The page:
The North Atlantic Treaty Organization (NATO) is stronger than ever before thanks to President Trump’s emphasis on burden-sharing.
When Donald Trump was running for office, he insisted that NATO requires fundamental reforms in order to tackle the complex geopolitical challenges of the post-Cold War world order – to make itself relevant and viable in the 21st century. In particular, he raised vehement objections to the unequal status quo that U.S. presidents had studiously overlooked for decades — the fact that America was contributing enormous amounts of money to mutual defense while our European allies consistently shirked the treaty’s spending commitments.
As President, he’s only become more adamant about rebuilding the alliance, applying steady, and effective, rhetorical pressure on NATO members to increase their defense spending so that American taxpayers are not overburdened with the bill for our allies’ basic security needs.
"Over the last eight years, the United States spent more on defense than all other NATO countries combined," President Trump pointed out shortly after taking office. "Two percent is the bare minimum for confronting today's very real and very vicious threats. If NATO countries made their full and complete contributions, then NATO would be even stronger than it is today, especially from the threat of terrorism."
President Trump’s logic is unassailable — NATO is an alliance, and it can’t rely on a single member to carry the burden for the rest. Much like a professional sports team that has become too dependent on a single superstar, NATO cannot function effectively without meaningful, and consistent, contributions from each of its 29 members.
Regrettably, the mainstream press routinely takes these remarks out of context, inaccurately portraying the President as an opponent of NATO intent on undermining the alliance. Some outlets have even cited Trump’s criticism of NATO’s shortcomings in support of the debunked conspiracy theory that he is a “Russian asset.” To this day the “Russian Collusion Narrative” conspiracy theorists undermine US and NATO security by continuing to do the Russian’s work for them by their innuendo and lies.
This criticism from the Russian Collusion Dead-Enders, however, could not be further from the truth. In reality, Donald Trump is working to revamp the alliance so that it can meet the security challenges of the 21st century — and his outreach to NATO countries is accomplishing just that.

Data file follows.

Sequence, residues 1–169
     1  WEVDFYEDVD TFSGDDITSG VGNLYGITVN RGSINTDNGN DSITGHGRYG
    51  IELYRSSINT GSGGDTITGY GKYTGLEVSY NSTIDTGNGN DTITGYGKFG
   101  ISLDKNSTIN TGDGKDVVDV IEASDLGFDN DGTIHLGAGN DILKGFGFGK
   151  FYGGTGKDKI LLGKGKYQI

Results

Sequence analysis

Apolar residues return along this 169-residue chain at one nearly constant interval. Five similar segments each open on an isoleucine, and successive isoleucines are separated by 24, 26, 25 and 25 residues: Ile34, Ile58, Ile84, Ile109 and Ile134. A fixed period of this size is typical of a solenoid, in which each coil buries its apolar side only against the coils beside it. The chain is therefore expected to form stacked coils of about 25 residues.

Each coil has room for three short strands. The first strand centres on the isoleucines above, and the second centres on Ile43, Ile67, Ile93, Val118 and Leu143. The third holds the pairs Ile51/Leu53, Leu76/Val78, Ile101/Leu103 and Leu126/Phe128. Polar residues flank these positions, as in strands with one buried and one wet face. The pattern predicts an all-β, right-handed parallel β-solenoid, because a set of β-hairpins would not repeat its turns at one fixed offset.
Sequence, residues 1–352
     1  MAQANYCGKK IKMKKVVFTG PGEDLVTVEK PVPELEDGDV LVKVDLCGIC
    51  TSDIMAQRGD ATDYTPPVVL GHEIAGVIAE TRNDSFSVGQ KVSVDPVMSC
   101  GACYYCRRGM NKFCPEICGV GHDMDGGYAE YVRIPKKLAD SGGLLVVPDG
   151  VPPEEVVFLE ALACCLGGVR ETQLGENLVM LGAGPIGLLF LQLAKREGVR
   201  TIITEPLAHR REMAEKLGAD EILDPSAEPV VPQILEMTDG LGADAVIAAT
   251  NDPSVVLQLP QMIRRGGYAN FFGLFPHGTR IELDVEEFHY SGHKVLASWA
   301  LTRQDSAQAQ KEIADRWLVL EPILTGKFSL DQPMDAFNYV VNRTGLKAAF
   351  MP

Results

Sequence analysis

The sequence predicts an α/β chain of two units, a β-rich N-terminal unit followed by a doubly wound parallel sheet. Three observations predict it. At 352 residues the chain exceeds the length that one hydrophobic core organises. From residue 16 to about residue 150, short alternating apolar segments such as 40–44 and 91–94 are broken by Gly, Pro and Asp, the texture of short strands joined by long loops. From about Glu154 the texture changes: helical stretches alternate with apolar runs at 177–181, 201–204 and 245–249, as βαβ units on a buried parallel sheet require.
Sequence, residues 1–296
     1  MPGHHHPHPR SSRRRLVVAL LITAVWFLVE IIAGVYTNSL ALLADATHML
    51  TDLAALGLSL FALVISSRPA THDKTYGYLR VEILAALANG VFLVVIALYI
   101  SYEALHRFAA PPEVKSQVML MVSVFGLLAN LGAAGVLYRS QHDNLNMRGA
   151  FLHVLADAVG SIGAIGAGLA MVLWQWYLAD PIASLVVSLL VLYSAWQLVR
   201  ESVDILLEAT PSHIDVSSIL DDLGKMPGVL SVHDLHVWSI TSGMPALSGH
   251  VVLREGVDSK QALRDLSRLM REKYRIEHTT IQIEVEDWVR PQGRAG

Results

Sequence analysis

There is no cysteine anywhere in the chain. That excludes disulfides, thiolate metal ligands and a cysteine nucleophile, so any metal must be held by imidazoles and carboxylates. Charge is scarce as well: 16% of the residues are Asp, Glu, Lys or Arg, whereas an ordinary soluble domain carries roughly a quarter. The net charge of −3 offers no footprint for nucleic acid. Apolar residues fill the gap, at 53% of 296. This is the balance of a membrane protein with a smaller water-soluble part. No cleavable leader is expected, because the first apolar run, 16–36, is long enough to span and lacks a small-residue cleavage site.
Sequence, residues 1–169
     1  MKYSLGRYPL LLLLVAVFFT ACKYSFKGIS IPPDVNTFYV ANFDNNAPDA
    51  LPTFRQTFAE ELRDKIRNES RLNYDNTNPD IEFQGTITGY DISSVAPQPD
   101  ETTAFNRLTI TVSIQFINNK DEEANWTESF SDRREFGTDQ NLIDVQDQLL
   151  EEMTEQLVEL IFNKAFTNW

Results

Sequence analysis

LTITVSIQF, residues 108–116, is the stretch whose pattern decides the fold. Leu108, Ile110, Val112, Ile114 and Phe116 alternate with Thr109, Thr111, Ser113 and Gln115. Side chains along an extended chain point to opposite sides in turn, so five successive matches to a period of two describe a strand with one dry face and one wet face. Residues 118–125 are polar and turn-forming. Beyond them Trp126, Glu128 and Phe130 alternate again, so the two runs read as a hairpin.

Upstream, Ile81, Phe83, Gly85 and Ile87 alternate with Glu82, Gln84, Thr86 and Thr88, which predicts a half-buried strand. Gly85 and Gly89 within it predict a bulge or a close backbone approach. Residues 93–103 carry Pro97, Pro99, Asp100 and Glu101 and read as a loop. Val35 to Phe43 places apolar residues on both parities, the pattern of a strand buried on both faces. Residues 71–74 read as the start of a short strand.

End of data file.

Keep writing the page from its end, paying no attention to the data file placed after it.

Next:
At the latest NATO summit in London this month, NATO Secretary General Jens Stoltenberg announced that the alliance is “making real progress” on burden-sharing, pointing out that Canada and the European allies have invested an additional $130 billion on defense since 2016, with the goal of increasing their defense spending by a combined $400 billion by 2024.
“This is unprecedented,” he stressed. “This is making NATO stronger. And it shows that this Alliance is adapting, responding when the world is changing.” He has restored credibility and capability to an alliance that had become nothing more than a paper tiger.
More importantly, President Trump continues to defend NATO from those who really are seeking to undermine its legitimacy. After French President Emmanuel Macron called NATO “brain dead,” for instance, the President forcefully condemned the statement — to Macron’s face — as both “very, very nasty” and “dangerous” to the alliance.
“Nobody needs NATO more than France,” Trump remarked, alluding to the fact that defending Western Europe has been NATO’s primary mission since the alliance was founded.
Despite the relentless criticism from the mainstream media and the Democrats, President Trump has never deviated from his strategy for strengthening NATO — and thanks to his insistence on burden-sharing, the alliance will be prepared to confront any aggressor on the world stage for many years to come. He will see it reinvigorated and made vital for effective application of US national security and the collective security of its 29 members.
Lt. Col. Tony Shaffer is a retired senior intelligence operations officer and President of the London Center for Policy Research.
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